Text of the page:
”The Council has not provided any information to suggest that there are provisions in place to ensure that any of the 133 single dwellings would be developed in a manner that accords with the legal definition of self-build and custom housebuilding in the Self-Build and Custom Housebuilding Act 2015 (as amended)”.
He goes on at paragraph 23 to set out that “this raises considerable doubts as to whether any single dwelling permissions would count towards the number of planning permissions the Council has granted for serviced plots and thus whether these consents would actually contribute towards the delivery of self-build and custom housebuilding in the district”.
The Inspectors draws the important distinction that the S106 Agreement submitted with the appeal proposals contains provisions to ensure the development would meet the definition of self-build and custom housebuilding and found that there was no evidence that similar mechanisms were in place to secure self build and custom housebuilding on the 133 single dwelling plots the Council refers to.
Mr Stephens draws the conclusion that “it would be unreasonable to include any of the single dwelling permissions within the calculation of self-build and custom housebuilding permissions granted in the district”.
At paragraph 24 the Inspector draws reference to the fact that Buildstore.co.uk was advertising nine self-build plots as available in the district at March 2019 all of which were granted consent since 31 October 2016. Only one of these however is listed as an approved self-build site in the Council’s evidence. As such he concludes that none of the remaining eight is subject to a planning condition or planning obligation requiring a self build or custom build house to be built on the site that accords with the statutory definition.
Therefore, he finds at paragraph 25 that only the four plots listed in the councils evidence comply with the definition of self build and custom housebuilding in the Self Build and Custom Housebuilding Act 2015 (as amended). As a result of which the Council has not yet granted planning permission for enough serviced plots to meet demand arising from base period 1 let alone any of the subsequent base periods (2, 3 and 4). He also found that the Council has provided no information to suggest that there are any applications pending determination for serviced plots in the District at present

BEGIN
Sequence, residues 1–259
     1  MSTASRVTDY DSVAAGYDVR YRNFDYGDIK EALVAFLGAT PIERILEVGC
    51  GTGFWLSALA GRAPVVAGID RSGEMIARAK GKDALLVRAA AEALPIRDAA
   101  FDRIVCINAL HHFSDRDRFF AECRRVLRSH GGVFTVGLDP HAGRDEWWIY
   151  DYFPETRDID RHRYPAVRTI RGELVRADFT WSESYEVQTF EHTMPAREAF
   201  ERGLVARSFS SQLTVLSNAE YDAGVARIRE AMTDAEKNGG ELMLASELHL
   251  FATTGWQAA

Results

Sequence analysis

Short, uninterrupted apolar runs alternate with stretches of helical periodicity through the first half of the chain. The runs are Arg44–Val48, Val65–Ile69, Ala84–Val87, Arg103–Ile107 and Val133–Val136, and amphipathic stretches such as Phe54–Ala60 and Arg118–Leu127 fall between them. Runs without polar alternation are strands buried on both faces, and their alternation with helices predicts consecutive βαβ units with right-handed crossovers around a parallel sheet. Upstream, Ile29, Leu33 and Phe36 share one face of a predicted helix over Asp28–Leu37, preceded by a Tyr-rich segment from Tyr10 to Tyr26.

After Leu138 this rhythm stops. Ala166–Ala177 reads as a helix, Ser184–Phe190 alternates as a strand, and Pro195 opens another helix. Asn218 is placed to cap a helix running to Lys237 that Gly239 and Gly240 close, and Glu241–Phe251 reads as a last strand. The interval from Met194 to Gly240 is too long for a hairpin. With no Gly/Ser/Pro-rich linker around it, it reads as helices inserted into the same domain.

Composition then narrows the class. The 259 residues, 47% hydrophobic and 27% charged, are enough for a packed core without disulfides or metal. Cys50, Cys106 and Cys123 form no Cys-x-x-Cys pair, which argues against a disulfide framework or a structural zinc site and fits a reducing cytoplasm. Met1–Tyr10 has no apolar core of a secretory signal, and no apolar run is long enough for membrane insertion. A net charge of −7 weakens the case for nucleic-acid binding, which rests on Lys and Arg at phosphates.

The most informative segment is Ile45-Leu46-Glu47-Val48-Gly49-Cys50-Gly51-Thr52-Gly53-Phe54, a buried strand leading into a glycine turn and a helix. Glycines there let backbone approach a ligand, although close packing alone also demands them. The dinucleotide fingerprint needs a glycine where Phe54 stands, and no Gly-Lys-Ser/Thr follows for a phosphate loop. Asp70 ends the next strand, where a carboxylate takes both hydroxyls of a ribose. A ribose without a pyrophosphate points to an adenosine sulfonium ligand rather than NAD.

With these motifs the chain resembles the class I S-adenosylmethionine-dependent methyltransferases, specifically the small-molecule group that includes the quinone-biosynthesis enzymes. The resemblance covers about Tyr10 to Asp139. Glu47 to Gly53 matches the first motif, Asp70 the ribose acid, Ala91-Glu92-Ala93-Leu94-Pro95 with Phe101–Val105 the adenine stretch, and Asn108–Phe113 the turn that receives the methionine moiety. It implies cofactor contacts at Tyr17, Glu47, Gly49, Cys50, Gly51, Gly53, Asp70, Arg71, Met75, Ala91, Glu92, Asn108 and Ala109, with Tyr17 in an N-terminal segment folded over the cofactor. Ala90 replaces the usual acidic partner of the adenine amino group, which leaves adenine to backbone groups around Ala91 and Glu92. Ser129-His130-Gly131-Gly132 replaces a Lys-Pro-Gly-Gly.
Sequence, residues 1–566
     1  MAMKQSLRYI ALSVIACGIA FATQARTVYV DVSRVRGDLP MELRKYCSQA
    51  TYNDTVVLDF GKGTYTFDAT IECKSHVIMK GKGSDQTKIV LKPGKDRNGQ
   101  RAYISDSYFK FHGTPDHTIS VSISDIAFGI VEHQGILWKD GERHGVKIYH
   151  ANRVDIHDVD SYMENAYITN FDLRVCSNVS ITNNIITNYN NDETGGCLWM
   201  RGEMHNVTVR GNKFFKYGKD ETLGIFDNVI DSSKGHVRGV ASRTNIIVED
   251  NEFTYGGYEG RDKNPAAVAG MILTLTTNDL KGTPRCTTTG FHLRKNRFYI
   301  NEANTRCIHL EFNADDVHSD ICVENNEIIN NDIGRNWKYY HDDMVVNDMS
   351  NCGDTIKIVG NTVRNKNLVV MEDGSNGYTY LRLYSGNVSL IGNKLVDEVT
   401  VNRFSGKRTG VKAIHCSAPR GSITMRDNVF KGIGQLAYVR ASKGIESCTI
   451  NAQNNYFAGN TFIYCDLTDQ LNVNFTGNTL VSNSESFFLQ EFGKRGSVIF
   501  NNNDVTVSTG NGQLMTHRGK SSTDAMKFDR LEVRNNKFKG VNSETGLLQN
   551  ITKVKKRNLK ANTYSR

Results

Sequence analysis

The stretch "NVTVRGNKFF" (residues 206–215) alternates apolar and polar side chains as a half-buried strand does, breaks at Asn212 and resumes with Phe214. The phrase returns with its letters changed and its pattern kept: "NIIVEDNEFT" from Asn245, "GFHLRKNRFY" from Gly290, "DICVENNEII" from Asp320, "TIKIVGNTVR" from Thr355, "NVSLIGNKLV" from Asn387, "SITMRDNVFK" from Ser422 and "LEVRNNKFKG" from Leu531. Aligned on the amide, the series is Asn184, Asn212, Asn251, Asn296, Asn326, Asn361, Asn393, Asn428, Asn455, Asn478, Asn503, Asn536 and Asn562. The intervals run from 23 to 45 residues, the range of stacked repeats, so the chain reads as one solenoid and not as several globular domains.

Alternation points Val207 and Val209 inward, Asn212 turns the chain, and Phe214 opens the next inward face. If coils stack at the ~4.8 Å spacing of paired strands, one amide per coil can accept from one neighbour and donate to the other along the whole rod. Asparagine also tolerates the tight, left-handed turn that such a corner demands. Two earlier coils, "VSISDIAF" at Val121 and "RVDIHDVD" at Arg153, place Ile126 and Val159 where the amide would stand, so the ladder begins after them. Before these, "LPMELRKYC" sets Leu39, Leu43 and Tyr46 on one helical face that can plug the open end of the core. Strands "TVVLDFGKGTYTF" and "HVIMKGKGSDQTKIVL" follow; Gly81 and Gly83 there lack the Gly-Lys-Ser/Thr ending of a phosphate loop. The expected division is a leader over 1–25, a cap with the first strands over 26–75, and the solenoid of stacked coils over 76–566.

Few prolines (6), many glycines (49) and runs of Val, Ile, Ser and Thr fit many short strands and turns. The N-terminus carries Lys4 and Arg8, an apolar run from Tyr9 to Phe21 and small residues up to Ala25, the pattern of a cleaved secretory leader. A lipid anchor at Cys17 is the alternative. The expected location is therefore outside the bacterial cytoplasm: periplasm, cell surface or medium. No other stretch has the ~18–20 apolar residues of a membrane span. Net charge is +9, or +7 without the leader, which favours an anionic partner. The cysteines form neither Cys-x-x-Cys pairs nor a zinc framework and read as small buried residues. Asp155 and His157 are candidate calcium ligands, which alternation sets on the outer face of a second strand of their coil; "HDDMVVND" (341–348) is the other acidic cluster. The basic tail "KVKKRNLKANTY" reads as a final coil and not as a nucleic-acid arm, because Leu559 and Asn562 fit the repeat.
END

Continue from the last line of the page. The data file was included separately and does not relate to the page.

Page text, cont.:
At paragraph 27 the Inspector reiterates the PPG requirement that the Council has a duty to grant planning permission for enough serviced plots of land to meet demand for self-build and custom housebuilding in their areas then goes on to explain at paragraph 28 that the Council is required by Section 2A of the Self-Build and Custom Housebuilding Act 2015 (as amended) to grant planning permission for enough serviced plots of land to meet the demand for self-build and custom housebuilding which arises in each base period. As such the appeal proposal is necessary to enable the Council to meet its statutory obligations with respect to the duty under Section 2A of the Act given there is an inadequate supply of serviced plots coming forward in the district.
In the absence of primary legislation providing enough clarity regarding the way in which local authorities are to monitor the provision of suitable development permissions to meet demand on their Register, this appeal decision provides a precedent for the way in which this should be undertaken.
It places the burden of proof upon local authorities to demonstrate that there is sufficient evidence to prove that there are provisions in place to ensure that permissions they are counting towards meeting demand on their Register would be developed in a manner that accords with the legal definition of self build and custom housebuilding in the Self Build and Custom Housebuilding Act 2015 (as amended). In the absence of such proof a site would not constitute the legal definition of self-build and custom housebuilding plots and cannot therefore be counted towards meeting demand on the Register.
Andy Moger BA (Hons) MA MRTPI – Associate Director
Tetlow King Planning are market leaders in the self build and custom housebuilding sector. We are full members of the National Custom and Self Build Association (NaCSBA) and support the Governments aims to expand this sector of the housing market. In addition to which Associate Director, Andy Moger, sits on the Right to Build Task Force panel of industry experts.
We will be at the Self-Build & Design Show West in Exeter on 7 & 8 September 2019 to answer questions and provide planning support for those seeking to make the most of the opportunity’s that self build and custom housebuilding present.
If you are considering a self build and/or custom housebuilding project or have run into difficulties with an existing planning application, then please get in touch as we would be delighted to help.